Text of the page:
Matt McKnight, Chief Operating Officer of the U.S. Dairy Export Council (USDEC), says no less than eight issues will be critical to dairy exports in 2019. He calls them “signposts that will shape market opportunities and directions in the year ahead.”

  1. Efforts to remove retaliatory tariffs. A report from Texas A&M’s Center for American Studies is forecasting U.S. dairy export losses from Chinese and Mexico retaliatory tariffs could be as high as $800 million per year. “The retaliatory tariffs won’t grind all U.S. dairy exports to a halt, and on their own, do not doom growth aspirations,” says McKnight. “But the tariffs make us less competitive in two critical markets and heighten the challenge of getting to ‘The Next 5%’ (USDEC’s push to get dairy exports up to 20% of U.S. milk production).”
  2. Supply and demand realignment. Over-supply conditions are expected to ease over the next two years, with the European Union (EU) expected to work its way through its mountain of intervention stocks of milk powder. The final 100,000 metric tons is expected to be disposed of as animal feed in the first quarter of this year. “Should demand continue as expected…, we could see markets tighter than they have been for quite a while,” McKnight says.
  3. USMCA approval and implementation. “Approval of the U.S. Mexico Canada Agreement is not assured, and the path forward is filled with unknowns, including what might happen should President Trump follow through on threats to withdraw from NAFTA prior to the USMCA vote,” he says. “The ultimate impact of the agreement will depend on how it is then subsequently implemented by the three countries involved.”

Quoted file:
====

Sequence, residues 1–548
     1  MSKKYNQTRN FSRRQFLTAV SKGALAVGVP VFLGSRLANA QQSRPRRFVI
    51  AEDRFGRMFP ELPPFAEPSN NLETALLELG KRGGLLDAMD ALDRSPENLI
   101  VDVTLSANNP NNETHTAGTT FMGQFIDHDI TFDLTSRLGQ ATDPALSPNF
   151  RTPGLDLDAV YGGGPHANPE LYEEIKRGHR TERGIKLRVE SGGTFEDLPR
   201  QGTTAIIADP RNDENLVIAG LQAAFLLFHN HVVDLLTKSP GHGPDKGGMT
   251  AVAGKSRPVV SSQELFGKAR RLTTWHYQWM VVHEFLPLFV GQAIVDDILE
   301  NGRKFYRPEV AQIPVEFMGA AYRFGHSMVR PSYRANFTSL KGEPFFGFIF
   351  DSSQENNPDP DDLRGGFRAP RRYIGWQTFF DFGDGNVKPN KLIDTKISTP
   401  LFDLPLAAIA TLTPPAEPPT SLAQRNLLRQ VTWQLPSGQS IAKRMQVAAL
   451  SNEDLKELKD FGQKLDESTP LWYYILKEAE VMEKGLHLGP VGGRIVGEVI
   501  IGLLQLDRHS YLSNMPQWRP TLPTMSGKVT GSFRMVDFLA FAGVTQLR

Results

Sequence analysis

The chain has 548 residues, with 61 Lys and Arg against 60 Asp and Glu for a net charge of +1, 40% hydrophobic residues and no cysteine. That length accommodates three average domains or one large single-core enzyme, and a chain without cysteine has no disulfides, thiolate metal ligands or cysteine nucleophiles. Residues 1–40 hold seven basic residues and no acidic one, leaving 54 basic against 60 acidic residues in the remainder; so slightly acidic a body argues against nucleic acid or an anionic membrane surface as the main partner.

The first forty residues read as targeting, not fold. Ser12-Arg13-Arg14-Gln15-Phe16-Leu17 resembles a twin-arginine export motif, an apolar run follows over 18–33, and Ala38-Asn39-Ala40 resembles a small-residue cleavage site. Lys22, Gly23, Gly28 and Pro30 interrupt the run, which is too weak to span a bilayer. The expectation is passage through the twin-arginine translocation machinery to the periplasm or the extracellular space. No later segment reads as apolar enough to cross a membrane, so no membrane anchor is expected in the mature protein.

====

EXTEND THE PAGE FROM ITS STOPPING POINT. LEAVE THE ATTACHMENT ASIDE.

4. Other trade talks. McKnight says it’s critical the United States pursue bilateral negotiations with “high potential” markets such as Japan, the United Kingdom (UK) and the EU in 2019. Competitors are implementing their own agreements this year, notably, the old Trans Pacific Partnership without the inclusion of the U.S. The new EU-Mexico agreement is also expected to go into force soon.
  5. Global economic growth. “Groups like the International Monetary Fund, the World Bank and the World Trade Organization are all sounding warning bells on trade and economic growth,” says McKnight. Slower growth could create headwinds for demand for dairy products.
  6. Chinese dairy consumption. “China continues to drive global dairy trade, even though second-half buying (in 2018) slowed. Much will depend on China’s economic health in 2019, but if the nation’s imports are up 5 – 10 per cent again…, we could be in for a sizable shift in market sentiment in the second half of the year,” he says.
  7. Global cheese demand. “In 2019, pending other factors such as global economic development, we expect to see global demand growth recover [for cheese] and will watch if U.S. suppliers can continue to build share even as they face retaliatory tariffs and other hurdles to cheese trade like restrictive geographical indications,” McKnight says.
  8. Brexit fallout. “Should Brexit (or a replacement) fail to pass, the UK could try to extend the March 31, 2019 deadline or face a ‘no deal’ or ‘hard’ Brexit. Either way, what happens will have a ripple effect on global dairy markets and U.S. export ambitions,” he says.

Read the full article by Matt Mcknight here.

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